Greater Risk for Adverse Cardiovascular Events Seen in Blacks With Depressive Symptoms

In a community-based cohort study, blacks with depressive symptoms were more likely to have higher incidences of stroke and coronary heart disease.

Major depressive symptoms were associated with greater risks of incident stroke and coronary heart disease (CHD) in a study conducted in a black population.

Because most studies that have examined the relationship between depression and cardiovascular risk were performed in white populations, researchers investigated the same relationship in a community-based cohort of blacks.

Using data from the Jackson Heart Study from 2000 to 2004, they found there was a 2-fold greater hazard of (hazard ratio [HR] 1.95; 95% CI, 1.02 – 3.71; P=.04) among patients with major depressive symptoms.

Patients were selected based on completion of at least 16 of the 20 Center for Epidemiological Studies Depression (CES-D) scale screening questions. Those who had a history of stroke or CHD were excluded from the study. The final cohort (N=3309) included 738 participants (22.3%) who had depressive symptoms at baseline (median age, 54.3 years; 63% women) from 4 populations in the Jackson, Mississippi, area.

Researchers also found that median BMI and waist circumference were higher among those with depressive symptoms, and antidepressant use was low among the same patients.

The findings for the unadjusted 10-year cumulative incidence of stroke were 3.7% (95% CI, 2.4% – 5.8%) for patients with depressive symptoms and 2.6% (95% CI, 2.0% – 3.4%) for patients without depressive symptoms (P=.12). Participants with major depressive symptoms showed the highest 10-year cumulative incidence rates of stroke (5.4%; 95% CI, 3.1% -9.4%). Interestingly, those with no depressive symptoms had higher incidence rates of stroke (2.6%; 95%, 2.0% – 3.4%) compared with those with minor depressive symptoms (2.0%; 95% CI, 1.0% – 4.3%).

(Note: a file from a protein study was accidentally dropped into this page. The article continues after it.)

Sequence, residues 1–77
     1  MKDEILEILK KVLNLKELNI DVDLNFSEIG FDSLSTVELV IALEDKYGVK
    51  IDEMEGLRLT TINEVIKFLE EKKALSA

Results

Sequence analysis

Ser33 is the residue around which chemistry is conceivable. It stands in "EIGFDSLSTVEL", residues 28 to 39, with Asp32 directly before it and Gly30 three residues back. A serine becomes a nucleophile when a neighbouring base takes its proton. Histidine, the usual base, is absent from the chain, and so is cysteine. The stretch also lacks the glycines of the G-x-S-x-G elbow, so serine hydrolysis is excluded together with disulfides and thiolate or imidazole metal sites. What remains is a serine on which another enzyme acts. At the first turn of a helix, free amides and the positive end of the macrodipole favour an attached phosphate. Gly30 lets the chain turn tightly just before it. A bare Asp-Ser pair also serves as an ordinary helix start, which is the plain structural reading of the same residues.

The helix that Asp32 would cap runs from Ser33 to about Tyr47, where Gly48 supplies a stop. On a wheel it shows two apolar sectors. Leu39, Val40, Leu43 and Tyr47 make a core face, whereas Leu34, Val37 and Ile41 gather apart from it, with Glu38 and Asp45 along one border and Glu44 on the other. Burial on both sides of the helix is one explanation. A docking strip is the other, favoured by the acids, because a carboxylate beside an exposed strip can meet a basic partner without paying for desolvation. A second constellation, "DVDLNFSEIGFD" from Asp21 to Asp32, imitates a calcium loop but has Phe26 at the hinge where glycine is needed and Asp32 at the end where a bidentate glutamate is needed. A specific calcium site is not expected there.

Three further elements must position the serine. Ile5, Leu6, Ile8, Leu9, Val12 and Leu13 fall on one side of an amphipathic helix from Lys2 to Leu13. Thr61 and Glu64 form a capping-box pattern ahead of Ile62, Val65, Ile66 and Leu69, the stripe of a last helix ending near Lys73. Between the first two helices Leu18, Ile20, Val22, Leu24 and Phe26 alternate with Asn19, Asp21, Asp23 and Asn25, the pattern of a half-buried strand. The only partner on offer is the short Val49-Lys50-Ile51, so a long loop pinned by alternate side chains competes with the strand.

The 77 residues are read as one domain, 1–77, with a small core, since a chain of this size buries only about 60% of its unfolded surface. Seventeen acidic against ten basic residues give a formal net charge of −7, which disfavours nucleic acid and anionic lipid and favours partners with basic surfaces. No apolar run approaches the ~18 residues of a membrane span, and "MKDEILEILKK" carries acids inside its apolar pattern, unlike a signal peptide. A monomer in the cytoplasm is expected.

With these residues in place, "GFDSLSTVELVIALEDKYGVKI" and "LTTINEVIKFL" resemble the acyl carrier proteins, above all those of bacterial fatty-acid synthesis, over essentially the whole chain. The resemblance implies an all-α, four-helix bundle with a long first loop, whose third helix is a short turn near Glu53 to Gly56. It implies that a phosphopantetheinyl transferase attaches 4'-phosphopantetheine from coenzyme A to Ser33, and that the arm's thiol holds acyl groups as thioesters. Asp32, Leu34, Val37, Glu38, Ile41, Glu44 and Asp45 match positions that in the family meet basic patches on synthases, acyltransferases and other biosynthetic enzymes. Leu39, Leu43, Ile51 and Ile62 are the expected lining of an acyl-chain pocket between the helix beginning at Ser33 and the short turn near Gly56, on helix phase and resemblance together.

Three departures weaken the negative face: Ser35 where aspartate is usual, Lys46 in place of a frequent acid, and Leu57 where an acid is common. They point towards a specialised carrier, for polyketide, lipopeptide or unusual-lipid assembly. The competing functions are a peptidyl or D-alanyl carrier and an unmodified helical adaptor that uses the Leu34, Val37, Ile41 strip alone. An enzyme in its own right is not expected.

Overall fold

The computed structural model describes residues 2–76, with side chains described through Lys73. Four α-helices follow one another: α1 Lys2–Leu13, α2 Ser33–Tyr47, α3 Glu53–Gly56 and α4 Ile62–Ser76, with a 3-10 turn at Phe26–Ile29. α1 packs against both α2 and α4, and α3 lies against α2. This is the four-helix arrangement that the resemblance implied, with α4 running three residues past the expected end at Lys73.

For CHD, the 10-year cumulative incidence was 5.6% (95% CI, 4.0% -7.8%) for patients with depressive symptoms and 3.6% (95% CI, 2.9%- 4.6%) for those patients without depressive symptoms (P=.03). The highest incidence occurred in those with major depressive symptoms (5.8%; 95% CI, 3.7% – 9.0%), followed by those with minor depressive symptoms (5.3%; 95% CI, 3.2% – 8.8%).  Those without depressive symptoms had an incidence rate of 3.6% (95% CI, 2.9% – 4.6%; P=.06).

The researchers noted that the difference in increased risk between patients with major and minor depressive symptoms was consistent with previous studies.

However, this study did have some limitations: The researchers did not have access to changes in depressive symptomatology over time. While the CES-D is considered a validated screening tool for depressive symptomatology, misclassification of depression status may have occurred because researchers did not have information on clinically diagnosed depression.

“The need for greater understanding of associations between depressive symptoms and cardiovascular outcomes in blacks is particularly salient in light of reported racial disparities in disease severity, timely diagnosis, and the use of pharmacotherapy,” the researchers concluded.


O’Brien EC, Greiner MA, Sims M, et al. Depressive Symptoms and Risk of Cardiovascular Events in Blacks: Findings From the Jackson Heart Study. Circ Cardiovasc Qual Outcomes. 2015;8:552-559; doi:10.1161/CIRCOUTCOMES.115.001800.